(RxWiki News) Practice makes perfect, they say, but keep on practicing even after perfection. Continued practice makes the body more efficient - so that the same tasks use less energy.
A robotic arm was used by participants to learn arm-movement tasks. Even after a new task was learned - the energy used continued to decrease. This new information could lead to better rehabilitation programs.
"Even after you have mastered a task - keep on practicing!"
Alaa A. Ahmed, Ph.D., of the University of Colorado at Boulder, says that “the message from this study is that in order to perform with less effort, keep on practicing, even after it seems as if the task has been learned. We have shown there is an advantage to continued practice beyond any visible changes in performance."
15 right-handed subjects used a handle on a robotic arm to control a computer cursor. In some trials the robotic arm ‘pushed-back,’ which made controlling the cursor more difficult.
Subjects wore nose clips and a mouthpiece so that oxygen consumption could be measured. They also wore electrodes on their arms to measure muscle activity.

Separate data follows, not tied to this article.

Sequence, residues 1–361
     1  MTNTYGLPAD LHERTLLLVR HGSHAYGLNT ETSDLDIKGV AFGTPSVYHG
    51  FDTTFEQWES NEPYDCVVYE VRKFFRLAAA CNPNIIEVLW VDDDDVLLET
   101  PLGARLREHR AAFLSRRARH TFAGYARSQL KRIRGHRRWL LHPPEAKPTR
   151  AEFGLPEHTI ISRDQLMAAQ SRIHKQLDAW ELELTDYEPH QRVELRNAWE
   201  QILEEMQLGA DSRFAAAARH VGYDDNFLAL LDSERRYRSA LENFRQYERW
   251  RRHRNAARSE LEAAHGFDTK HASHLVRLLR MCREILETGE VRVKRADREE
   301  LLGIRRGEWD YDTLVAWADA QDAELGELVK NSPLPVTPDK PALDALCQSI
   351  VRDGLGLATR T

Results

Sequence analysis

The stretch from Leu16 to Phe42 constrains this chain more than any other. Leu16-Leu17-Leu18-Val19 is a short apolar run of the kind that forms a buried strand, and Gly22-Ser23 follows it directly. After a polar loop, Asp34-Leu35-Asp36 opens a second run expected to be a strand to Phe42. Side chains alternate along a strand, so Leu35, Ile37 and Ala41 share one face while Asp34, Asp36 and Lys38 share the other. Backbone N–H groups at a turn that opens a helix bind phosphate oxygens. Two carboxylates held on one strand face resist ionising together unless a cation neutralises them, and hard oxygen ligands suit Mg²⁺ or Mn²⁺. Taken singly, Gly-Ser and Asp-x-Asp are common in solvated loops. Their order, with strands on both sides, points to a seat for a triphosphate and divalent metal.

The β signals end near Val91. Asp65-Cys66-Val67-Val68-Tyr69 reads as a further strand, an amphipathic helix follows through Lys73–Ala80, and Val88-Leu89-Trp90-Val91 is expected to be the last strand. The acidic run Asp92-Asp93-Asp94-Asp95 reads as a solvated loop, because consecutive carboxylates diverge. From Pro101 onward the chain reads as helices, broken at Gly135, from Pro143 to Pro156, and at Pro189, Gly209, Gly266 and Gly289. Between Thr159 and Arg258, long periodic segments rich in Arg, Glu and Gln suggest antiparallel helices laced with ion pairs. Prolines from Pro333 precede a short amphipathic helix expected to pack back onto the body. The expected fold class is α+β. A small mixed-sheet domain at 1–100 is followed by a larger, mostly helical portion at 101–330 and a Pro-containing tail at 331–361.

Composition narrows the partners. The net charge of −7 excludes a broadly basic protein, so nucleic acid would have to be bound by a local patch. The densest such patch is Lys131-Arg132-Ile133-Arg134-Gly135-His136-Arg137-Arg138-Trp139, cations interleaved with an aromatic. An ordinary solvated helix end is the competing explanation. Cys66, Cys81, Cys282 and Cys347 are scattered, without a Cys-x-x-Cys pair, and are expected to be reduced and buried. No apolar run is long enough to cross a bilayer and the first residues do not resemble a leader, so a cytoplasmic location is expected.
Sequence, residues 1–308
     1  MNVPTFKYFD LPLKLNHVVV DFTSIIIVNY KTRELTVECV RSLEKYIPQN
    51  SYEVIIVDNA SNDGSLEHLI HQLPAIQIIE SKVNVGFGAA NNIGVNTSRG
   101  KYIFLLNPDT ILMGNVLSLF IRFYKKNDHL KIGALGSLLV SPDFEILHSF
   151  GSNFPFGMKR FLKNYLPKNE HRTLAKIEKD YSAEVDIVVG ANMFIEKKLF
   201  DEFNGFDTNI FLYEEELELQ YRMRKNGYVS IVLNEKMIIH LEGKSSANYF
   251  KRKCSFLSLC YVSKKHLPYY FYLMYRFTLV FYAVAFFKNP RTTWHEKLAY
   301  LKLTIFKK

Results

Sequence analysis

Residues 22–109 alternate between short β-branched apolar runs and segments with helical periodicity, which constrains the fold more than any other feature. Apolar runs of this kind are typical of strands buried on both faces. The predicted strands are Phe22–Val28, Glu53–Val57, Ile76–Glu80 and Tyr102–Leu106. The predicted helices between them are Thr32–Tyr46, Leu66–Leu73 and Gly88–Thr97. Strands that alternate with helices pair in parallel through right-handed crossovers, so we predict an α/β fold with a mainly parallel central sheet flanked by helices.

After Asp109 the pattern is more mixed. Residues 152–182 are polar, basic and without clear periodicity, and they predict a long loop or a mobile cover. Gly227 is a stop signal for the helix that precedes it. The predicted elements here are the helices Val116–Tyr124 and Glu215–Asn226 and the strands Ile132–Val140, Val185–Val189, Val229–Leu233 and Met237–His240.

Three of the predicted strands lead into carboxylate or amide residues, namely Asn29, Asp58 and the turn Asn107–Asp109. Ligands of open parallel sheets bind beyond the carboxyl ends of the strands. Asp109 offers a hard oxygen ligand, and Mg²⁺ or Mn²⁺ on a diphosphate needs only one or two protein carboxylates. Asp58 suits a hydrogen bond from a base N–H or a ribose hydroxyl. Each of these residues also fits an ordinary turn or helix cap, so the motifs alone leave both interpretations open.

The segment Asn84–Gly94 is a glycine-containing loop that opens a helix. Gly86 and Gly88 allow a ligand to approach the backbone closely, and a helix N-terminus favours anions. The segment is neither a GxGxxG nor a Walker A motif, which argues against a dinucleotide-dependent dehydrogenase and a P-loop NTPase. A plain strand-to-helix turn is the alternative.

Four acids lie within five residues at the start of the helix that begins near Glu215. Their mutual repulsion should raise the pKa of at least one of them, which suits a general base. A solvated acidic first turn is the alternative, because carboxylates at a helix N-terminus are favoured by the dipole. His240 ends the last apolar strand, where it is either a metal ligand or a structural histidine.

The researchers found that even after muscle activity decreased, a sign that something has been learned, metabolic energy use continued to decline.
About 20% less energy was used by the body to complete the same task.
The findings could change the way that rehabilitation programs practice with their patients.
"Using the robotic system, we can understand the principles underlying the control of human movement and can apply those ideas to design rehabilitation programs that may allow stroke patients to re-learn their movements faster, to retain that learning and to transfer that learning to other tasks as well," says Ahmed.
She continues, "The rehabilitation process should not necessarily stop if the patient reaches a plateau in performance. Continued practice reduces the metabolic cost of the task, an indication the brain still may be learning something.”
The study was published in the Journal of Neuroscience on Feb. 8th, 2012.